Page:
The asteroid that wiped out the dinosaurs at the end of the Cretaceous Period annihilated much of life on Earth. And while we know how that story goes, a team of scientists is now adding a new chapter. One defined by flowers. In fact, the scientists say the seminal space rock that bathed Earth in Dino death is precisely what allowed our home planet to first host the lush, blooming rainforests we know today.
The team of scientists, working at the Smithsonian Tropical Research Institute ( STRI) in Panama, set out to decipher how tropical rainforests change after drastic ecological perturbations. The Chicxulub Impactor, which wiped out 45% of plants in what is now Colombia, and shrouded the world in darkness, was a perfect opportunity for insight.
To study the changes, the scientists looked at tropical plant fossils from sites in Central and South America; including more than 50,000 pollen fossils, and 6,000 leaf fossils, from both before and after the impact. Upon comparison? The team found that the dino-killer transformed sparse, conifer-rich tropical rainforests into the denser, taller rainforests of today; the same ones that teem with vibrant, technicolor bromeliads and dangling orchids.
The scientists, who described their findings in a study recently published in the journa Science (which comes via BBC News), say the fossil record implies the forest canopy in the American tropics evolved from relatively open to closed and layered. In turn, they say this led to an increase in vertical stratification. And, consequently, a greater diversity of plant growth forms.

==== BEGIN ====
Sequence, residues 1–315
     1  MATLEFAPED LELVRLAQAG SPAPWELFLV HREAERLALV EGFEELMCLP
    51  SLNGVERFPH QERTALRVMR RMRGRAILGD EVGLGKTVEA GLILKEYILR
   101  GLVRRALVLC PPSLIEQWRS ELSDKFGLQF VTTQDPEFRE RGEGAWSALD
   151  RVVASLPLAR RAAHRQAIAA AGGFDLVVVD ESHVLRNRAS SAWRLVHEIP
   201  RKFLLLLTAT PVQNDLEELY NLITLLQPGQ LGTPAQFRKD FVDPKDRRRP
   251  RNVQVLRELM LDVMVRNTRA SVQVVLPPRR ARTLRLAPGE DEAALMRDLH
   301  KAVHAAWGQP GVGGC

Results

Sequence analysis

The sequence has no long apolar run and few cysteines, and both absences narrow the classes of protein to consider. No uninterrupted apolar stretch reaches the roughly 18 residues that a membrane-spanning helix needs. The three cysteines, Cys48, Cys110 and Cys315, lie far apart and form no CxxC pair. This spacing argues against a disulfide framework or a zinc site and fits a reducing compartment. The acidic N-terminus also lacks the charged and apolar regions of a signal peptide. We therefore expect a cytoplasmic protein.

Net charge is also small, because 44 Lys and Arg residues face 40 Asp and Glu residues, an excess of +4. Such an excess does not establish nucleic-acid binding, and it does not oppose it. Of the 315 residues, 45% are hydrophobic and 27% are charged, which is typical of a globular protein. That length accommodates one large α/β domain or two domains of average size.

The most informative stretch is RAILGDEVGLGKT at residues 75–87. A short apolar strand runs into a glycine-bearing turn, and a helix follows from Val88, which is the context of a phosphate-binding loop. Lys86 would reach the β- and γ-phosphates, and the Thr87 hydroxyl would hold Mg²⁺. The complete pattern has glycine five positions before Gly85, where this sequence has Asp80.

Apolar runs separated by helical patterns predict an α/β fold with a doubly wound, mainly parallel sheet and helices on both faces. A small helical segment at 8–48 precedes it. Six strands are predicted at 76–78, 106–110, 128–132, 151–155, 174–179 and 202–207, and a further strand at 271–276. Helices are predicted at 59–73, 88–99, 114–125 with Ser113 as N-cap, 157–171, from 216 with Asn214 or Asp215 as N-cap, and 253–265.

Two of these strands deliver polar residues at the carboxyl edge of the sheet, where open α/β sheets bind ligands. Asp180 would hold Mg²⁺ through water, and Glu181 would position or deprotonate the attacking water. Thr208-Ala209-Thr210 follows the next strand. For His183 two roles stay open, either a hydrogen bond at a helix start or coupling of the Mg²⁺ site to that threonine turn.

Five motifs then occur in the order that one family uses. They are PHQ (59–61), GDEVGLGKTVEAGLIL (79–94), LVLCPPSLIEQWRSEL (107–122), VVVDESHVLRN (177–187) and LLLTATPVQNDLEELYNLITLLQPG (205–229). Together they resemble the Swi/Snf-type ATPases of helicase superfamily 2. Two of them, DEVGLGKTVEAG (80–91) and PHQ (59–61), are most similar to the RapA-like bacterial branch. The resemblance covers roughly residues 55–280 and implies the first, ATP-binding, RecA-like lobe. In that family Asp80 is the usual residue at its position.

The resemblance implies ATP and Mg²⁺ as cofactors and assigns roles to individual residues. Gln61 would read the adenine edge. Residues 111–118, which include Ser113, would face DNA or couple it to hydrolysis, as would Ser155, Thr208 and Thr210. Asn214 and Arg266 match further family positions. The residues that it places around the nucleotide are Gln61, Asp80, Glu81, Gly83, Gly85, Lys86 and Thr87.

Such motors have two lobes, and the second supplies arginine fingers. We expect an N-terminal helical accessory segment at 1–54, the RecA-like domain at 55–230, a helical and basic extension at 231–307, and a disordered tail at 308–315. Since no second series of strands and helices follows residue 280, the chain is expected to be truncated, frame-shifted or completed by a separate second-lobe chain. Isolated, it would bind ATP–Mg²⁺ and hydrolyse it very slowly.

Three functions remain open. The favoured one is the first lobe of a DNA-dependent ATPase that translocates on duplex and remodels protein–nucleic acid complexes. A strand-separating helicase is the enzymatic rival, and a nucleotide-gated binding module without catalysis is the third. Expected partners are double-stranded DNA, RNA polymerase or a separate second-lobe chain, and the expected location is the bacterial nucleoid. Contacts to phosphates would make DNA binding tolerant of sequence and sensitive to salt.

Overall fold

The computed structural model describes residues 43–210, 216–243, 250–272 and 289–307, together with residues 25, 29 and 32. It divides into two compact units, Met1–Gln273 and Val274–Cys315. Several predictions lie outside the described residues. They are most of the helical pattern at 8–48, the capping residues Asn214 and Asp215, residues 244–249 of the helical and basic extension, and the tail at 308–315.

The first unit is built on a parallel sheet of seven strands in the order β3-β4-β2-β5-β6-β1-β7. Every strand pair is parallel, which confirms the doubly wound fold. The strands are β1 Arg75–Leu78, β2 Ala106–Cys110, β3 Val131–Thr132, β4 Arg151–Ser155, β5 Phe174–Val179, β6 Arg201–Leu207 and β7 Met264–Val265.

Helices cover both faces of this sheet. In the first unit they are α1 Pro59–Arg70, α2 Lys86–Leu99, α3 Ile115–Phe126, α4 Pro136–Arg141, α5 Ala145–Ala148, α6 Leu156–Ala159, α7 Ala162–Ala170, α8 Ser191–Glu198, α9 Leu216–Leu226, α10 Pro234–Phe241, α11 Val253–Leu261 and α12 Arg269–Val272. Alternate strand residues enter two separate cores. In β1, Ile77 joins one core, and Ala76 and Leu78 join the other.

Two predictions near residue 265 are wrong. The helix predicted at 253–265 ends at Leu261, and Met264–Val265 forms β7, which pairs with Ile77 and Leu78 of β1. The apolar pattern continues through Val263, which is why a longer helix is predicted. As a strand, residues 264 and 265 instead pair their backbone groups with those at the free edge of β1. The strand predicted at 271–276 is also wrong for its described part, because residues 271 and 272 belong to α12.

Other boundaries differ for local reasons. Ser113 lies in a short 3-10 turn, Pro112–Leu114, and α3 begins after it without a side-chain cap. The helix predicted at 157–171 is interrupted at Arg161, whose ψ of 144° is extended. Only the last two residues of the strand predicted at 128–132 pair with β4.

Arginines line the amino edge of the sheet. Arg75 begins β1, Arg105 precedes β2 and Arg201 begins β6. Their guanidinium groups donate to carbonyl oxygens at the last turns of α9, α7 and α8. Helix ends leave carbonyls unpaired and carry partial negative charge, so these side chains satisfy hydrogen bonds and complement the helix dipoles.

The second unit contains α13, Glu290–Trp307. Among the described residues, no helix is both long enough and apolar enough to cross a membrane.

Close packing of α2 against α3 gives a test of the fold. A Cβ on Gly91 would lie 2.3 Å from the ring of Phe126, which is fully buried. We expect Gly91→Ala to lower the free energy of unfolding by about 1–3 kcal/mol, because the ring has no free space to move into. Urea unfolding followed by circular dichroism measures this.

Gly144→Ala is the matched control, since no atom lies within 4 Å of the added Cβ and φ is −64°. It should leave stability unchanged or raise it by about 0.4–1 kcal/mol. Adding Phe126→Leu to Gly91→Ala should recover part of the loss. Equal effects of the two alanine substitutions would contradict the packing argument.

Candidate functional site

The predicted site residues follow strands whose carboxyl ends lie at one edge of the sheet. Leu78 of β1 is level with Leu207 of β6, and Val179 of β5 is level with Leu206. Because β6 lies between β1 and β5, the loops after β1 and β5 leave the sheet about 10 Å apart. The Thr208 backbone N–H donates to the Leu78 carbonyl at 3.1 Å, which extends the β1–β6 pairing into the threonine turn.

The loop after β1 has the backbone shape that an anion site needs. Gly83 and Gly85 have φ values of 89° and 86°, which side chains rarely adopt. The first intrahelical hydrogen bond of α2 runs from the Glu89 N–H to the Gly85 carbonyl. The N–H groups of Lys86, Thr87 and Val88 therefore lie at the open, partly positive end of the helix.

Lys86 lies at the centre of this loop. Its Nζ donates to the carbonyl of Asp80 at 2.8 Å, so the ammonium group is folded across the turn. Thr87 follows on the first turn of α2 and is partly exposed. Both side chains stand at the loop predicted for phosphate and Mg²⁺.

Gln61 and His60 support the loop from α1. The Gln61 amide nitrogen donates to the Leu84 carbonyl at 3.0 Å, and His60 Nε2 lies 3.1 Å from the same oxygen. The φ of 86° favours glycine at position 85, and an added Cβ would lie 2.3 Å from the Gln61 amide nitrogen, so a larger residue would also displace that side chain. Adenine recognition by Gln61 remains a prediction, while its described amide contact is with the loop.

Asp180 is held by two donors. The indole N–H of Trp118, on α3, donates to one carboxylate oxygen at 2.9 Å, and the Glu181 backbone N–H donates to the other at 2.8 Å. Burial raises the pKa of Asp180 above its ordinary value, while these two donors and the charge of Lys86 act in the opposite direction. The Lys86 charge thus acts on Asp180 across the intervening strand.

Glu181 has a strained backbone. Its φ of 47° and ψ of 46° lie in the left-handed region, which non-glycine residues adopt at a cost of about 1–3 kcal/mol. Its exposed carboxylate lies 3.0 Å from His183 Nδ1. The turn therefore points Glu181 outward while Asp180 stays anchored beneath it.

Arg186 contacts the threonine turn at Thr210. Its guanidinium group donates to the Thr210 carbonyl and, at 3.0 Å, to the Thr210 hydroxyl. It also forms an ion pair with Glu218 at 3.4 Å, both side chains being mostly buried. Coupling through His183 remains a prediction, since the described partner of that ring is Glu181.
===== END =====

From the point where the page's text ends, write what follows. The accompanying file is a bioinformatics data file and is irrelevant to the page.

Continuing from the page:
Thank you @oak_spring gardens for helping make this study possible 🍃🍃🍃 https://t.co/G0SPexsCIZ— Monica Carvalho (@moccada) April 3, 2021
The three central theories the scientists have that explain this shift have to do with both the asteroid’s impact and the absence of dinosaurs. The scientists say the first theory is that the dinosaurs kept their forests “open” by feeding and moving through them. The second: that falling ash from the impact enriched tropical soils, giving an advantage to faster-growing flowering plants. And finally, that the preferential extinction of confider species allowed for flowering plants to dominate.
“Our study follows a simple question: How do tropical rainforests evolve?” Monica Carvalho, botanist and lead author of the study, said in an STRI press release. “The lesson learned here is that under rapid disturbances—geologically speaking—tropical ecosystems do not just bounce back; they are replaced, and the process takes a really long time.”
Feature image: Kirt Edblom